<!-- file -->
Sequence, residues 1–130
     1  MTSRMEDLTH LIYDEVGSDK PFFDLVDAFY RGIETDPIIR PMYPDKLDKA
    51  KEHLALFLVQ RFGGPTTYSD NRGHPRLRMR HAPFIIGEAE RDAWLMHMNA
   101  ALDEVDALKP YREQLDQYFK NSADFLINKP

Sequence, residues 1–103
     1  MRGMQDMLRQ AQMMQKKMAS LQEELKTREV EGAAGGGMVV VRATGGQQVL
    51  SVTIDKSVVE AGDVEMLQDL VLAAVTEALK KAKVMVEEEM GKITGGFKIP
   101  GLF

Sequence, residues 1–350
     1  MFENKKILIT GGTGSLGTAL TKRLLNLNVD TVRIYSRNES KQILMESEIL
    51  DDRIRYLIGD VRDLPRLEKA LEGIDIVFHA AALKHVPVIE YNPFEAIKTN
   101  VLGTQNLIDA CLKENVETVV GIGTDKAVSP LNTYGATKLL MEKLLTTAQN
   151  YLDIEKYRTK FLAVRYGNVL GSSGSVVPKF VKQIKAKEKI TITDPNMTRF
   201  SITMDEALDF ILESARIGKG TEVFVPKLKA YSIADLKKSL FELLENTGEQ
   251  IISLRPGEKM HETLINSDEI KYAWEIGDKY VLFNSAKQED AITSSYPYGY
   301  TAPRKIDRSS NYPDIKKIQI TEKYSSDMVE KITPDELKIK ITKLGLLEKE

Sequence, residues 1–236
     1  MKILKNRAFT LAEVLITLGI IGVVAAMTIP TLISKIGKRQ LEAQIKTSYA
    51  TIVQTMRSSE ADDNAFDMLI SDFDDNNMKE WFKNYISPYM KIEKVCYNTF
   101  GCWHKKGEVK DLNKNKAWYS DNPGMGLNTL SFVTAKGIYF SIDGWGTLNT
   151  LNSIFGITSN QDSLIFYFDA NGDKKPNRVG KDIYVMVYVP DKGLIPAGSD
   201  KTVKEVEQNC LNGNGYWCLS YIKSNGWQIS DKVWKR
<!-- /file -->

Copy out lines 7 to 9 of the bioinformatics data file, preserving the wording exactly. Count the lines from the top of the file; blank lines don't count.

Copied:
    51  SVTIDKSVVE AGDVEMLQDL VLAAVTEALK KAKVMVEEEM GKITGGFKIP
   101  GLF

Sequence, residues 1–350